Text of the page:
Abstract

Determination of fracture orientation can be an important aspect of structural analysis in reservoir characterization. The availability of ground-based laser scanner systems opens up new possibilities for the determination of fracture surface orientation in rock outcrops. Scanners are available in low-sample-density, low-accuracy, and fast, high-sample-density, high-accuracy models. These automatic laser scanner systems produce enormous volumes or “clouds” of point data at an instrument-dependent accuracy and resolution, which can be at the millimeter level.

This huge volume of data calls for an automated and objective method of analysis. We have developed a surface classification algorithm based on a multipass partitioning of the point cloud. The method makes use of both spatial proximity and the orientation of an initial coarse-grained model of the point cloud. Unsupervised classification of surface sets is demonstrated herein using the new algorithm.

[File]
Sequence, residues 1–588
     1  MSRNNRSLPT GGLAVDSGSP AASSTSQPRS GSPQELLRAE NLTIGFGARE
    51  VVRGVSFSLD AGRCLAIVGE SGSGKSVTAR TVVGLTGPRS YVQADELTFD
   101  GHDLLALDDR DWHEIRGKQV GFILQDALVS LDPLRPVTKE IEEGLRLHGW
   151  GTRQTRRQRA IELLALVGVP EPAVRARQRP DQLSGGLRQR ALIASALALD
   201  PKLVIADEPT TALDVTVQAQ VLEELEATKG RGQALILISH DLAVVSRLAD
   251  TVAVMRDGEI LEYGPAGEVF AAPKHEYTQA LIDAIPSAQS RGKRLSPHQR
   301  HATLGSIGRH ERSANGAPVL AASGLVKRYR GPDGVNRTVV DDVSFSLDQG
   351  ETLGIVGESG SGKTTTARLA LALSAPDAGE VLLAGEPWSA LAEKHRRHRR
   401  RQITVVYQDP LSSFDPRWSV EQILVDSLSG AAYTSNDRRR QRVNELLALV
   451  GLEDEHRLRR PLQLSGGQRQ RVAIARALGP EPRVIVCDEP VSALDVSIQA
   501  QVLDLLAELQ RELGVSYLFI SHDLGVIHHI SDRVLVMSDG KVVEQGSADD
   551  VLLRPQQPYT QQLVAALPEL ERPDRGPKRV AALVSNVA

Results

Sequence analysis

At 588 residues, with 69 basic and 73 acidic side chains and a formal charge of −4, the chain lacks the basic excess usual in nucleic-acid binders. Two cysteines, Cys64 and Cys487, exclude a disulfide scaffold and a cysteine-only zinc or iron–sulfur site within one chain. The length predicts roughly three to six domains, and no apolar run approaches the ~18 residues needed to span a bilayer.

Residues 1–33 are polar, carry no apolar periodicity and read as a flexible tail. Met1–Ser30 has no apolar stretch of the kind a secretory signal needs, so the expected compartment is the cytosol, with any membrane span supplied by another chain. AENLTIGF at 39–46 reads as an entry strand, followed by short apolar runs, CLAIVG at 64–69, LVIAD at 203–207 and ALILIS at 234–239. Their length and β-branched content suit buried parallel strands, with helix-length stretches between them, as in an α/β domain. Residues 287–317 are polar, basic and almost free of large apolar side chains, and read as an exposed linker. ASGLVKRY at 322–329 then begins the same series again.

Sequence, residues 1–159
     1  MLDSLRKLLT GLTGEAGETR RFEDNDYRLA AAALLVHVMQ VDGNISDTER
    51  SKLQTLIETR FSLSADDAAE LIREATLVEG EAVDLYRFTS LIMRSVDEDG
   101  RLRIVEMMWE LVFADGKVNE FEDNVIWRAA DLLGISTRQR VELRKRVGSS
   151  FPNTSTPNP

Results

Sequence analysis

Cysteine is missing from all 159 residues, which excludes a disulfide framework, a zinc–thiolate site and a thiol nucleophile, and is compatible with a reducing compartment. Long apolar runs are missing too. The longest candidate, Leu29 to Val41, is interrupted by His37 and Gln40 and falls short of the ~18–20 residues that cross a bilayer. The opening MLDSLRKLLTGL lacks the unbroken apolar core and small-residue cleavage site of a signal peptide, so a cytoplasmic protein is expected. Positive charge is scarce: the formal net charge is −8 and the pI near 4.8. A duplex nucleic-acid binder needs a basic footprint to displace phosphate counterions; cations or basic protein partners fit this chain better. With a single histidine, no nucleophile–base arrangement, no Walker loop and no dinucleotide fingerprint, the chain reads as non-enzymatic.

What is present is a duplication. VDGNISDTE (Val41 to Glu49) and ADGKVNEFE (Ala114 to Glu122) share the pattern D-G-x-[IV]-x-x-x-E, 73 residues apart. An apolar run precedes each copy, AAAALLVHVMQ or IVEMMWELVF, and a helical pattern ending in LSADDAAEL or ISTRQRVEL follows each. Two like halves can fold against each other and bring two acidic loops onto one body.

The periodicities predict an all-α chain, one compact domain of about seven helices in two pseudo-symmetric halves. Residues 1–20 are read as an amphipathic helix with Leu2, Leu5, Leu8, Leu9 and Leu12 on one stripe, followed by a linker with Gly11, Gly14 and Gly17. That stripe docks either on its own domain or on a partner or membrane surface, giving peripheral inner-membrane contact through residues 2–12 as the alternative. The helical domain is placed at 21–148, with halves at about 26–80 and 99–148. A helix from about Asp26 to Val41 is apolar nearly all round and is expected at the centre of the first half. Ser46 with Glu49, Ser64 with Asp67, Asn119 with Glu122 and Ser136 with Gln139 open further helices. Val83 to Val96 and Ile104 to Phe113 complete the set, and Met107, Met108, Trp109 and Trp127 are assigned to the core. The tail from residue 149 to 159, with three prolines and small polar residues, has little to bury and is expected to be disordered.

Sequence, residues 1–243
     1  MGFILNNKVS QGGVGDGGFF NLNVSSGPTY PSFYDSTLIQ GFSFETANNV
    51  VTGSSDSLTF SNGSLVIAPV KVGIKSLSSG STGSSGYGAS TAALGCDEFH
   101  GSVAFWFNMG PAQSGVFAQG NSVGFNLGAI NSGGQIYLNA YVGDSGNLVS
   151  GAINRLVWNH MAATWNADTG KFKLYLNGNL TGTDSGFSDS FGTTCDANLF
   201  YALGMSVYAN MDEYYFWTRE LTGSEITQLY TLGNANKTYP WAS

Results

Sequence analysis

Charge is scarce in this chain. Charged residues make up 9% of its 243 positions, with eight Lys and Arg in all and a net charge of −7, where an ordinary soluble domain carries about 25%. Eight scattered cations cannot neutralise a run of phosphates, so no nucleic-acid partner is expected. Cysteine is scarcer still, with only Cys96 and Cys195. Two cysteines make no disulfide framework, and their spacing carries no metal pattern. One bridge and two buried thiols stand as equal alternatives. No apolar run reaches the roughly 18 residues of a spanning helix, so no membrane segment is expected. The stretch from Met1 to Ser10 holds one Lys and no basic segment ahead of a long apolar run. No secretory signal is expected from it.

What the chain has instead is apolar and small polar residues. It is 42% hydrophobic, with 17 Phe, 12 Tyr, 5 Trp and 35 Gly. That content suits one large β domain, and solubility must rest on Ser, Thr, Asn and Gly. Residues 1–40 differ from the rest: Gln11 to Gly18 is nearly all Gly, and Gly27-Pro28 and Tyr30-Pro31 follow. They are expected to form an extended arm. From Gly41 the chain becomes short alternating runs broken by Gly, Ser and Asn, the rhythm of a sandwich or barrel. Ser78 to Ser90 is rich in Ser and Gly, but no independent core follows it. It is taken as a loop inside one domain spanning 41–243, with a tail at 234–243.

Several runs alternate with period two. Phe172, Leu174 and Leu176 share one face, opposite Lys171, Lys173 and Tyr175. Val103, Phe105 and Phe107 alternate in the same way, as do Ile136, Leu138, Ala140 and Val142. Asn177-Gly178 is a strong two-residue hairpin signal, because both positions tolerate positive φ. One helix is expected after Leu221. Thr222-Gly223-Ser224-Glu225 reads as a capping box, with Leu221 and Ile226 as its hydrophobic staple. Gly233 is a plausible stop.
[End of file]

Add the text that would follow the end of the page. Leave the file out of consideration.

Both previously mentioned types of scanners have been used to map the Jackfork sandstone outcrop at Big Rock Quarry in Little Rock, Arkansas. We apply the surface classification algorithm to these data to extract fracture surface orientations from the point cloud. The effectiveness of these new technologies when applied to fracture analysis is clearly demonstrated in this example. It is also shown that the low-density, low-resolution type of scanner is adequate to define general geomorphology but is inadequate for fracture definition. The surface classification algorithm can be used to reliably extract fracture and bedding strike and dip angles from the three-dimensional point locations acquired using centimeter-accurate, high-density laser scanner systems.

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